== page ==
But let's go a little further back in time and make Gene Banks our starting power forward. Banks played at Duke from 1977-1981. He bridged the gap from the pre-Coach K years to the Coach K era. As a freshman, his Blue Devils qualified for the NCAA Tournament for the first time in over a decade and made a run all the way to the national championship game. In a way, that 1977-1978 Duke squad laid the groundwork for the decades of success to follow.
Plus, the 1981 ACC scoring leader could get you a bucket.
Center: Christian Laettner
Danny Ferry made three Final Fours in his four seasons as a Blue Devil. He was a consensus First-Team All-American, a Naismith College Player of the Year, and his No. 35 was retired by Duke. Mike Gminski was the anchor of the 1978 Final Four team. When he graduated, he was the Duke career leader in points, rebounds and blocked shots. So how are neither of those guys the starting center on the Duke all-time starting five?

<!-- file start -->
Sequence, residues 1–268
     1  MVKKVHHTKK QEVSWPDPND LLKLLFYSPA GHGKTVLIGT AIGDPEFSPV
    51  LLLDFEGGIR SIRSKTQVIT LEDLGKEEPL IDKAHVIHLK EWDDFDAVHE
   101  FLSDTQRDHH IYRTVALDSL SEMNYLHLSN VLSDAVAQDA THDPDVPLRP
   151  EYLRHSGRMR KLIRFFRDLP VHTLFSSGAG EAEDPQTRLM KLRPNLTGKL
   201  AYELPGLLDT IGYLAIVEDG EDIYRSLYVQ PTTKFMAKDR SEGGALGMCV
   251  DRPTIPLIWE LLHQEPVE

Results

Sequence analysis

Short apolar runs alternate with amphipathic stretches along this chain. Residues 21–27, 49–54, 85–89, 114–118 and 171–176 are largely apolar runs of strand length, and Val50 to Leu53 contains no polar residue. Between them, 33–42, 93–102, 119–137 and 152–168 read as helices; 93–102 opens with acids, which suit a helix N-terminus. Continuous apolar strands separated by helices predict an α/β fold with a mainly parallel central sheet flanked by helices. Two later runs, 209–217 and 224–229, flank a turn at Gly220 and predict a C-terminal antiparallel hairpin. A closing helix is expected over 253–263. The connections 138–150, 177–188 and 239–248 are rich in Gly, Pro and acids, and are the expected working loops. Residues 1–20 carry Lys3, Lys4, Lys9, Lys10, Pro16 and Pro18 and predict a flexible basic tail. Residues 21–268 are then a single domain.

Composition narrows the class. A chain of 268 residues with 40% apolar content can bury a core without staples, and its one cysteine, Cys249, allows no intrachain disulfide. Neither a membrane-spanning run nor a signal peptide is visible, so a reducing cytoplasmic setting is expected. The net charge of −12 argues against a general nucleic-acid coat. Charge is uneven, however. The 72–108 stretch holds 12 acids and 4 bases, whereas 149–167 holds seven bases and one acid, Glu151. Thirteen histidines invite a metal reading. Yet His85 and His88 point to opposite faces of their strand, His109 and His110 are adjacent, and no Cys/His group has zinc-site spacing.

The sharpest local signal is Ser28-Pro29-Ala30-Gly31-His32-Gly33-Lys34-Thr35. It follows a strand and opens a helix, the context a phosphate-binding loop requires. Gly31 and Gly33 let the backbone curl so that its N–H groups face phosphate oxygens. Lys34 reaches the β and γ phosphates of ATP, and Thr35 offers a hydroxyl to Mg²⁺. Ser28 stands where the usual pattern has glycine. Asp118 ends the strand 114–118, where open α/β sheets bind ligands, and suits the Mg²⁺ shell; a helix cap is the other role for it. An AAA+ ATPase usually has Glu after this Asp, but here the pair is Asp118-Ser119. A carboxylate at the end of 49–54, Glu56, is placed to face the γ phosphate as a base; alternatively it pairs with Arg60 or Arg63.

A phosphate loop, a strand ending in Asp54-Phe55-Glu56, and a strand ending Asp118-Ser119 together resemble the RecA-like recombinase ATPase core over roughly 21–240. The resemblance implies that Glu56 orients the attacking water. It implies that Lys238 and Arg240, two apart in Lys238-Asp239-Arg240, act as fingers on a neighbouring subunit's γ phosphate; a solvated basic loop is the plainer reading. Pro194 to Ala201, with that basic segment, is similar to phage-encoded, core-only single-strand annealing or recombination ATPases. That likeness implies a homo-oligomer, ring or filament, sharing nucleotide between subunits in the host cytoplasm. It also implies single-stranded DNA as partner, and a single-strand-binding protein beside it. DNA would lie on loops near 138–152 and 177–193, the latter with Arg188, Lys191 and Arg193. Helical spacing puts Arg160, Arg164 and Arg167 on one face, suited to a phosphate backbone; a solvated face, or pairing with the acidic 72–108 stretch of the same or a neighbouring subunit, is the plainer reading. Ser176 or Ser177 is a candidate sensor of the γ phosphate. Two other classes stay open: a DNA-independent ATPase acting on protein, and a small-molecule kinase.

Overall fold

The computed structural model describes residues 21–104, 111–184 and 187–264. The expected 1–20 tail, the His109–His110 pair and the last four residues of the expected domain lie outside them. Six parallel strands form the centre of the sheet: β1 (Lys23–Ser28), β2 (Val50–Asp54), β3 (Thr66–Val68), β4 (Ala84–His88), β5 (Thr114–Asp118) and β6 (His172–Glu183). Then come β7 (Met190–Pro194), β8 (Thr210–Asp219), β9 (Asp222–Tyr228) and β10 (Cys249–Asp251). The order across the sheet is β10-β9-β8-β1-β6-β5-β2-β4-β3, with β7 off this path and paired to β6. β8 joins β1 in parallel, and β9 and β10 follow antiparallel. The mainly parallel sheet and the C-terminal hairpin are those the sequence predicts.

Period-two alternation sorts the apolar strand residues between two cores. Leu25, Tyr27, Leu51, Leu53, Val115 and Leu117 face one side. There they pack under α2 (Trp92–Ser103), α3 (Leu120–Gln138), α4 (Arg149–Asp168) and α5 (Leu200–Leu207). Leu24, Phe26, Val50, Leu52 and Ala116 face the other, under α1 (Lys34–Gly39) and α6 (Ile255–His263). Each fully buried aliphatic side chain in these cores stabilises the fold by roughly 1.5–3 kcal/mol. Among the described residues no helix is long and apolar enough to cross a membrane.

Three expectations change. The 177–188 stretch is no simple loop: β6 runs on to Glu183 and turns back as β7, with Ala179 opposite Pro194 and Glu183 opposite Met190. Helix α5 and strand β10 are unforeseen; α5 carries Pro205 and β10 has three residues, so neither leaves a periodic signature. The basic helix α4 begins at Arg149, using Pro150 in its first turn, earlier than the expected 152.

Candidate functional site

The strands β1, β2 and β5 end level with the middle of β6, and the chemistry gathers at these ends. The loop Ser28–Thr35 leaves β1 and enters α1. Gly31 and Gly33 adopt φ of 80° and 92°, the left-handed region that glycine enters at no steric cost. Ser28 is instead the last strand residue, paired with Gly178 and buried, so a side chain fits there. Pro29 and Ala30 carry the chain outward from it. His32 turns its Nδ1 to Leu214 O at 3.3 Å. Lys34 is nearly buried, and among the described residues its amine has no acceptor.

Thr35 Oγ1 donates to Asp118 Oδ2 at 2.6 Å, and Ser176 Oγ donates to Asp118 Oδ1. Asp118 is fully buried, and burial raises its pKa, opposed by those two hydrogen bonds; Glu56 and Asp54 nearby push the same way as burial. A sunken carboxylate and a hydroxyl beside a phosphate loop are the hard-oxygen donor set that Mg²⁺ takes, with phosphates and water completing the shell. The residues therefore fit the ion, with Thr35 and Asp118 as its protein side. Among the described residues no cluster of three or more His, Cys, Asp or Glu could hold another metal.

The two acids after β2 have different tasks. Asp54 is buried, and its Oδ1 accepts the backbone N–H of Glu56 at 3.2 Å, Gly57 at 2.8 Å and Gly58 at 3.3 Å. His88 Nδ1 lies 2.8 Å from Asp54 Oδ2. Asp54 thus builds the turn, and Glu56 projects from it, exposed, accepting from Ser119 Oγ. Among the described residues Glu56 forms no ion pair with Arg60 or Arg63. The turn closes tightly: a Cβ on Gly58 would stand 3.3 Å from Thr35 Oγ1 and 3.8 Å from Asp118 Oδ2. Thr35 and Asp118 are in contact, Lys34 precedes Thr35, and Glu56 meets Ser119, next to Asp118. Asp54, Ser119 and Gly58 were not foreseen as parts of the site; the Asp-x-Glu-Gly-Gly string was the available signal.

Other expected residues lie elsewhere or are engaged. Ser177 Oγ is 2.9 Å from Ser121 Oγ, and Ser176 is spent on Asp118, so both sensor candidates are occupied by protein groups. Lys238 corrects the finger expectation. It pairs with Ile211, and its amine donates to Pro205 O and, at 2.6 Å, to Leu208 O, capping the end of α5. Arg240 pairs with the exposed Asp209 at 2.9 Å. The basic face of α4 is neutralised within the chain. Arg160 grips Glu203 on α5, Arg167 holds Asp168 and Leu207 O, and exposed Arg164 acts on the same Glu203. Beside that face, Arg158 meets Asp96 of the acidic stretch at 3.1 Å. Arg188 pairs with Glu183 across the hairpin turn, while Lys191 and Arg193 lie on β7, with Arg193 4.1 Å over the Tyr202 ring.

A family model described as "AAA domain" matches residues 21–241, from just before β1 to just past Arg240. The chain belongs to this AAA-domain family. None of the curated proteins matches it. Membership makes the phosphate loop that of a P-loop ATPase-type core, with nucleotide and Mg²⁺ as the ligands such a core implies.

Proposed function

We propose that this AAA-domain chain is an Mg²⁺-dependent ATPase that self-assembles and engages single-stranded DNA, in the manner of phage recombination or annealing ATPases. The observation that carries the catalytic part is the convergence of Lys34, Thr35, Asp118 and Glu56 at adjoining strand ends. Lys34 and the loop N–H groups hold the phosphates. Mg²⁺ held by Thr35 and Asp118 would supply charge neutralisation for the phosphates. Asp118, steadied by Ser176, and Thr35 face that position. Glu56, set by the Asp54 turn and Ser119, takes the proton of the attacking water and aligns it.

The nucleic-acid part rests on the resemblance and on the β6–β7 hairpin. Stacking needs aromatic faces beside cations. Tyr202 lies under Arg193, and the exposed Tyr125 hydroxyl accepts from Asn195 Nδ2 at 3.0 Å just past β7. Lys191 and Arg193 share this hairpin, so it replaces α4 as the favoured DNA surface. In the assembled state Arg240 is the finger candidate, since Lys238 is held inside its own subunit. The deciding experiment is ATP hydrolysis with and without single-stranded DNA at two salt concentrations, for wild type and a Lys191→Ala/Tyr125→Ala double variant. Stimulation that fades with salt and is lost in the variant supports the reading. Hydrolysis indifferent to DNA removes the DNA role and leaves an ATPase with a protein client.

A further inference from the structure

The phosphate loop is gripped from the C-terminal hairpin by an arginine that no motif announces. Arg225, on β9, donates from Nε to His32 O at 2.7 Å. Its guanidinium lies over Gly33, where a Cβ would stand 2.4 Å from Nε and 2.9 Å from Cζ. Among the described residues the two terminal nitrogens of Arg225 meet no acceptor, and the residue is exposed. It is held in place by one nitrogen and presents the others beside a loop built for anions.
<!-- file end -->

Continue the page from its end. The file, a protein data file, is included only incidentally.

Enter Laettner. All he did was win: four seasons at Duke, four Final Fours. In his junior and senior season, Laettner led the Blue Devils to back-to-back championships. And on the biggest stage, Laettner played his best. Everyone remembers "The Shot" to beat Kentucky in the 1992 Elite Eight. But not everyone remembers that Laettner went 10-for-10 from the free throw line and 10-for-10 from the field in that game, finishing with 31 points on 100% shooting.
Laettner was a consensus First-Team All-American, the National College Player of the Year, and the USA Basketball Male Athlete of the Year. We may remember him as the odd duck on the '92 Dream Team, but Laettner had a legendary, unmatched career at Duke. For his clutch moments alone, he has to be the big man on the all-time team.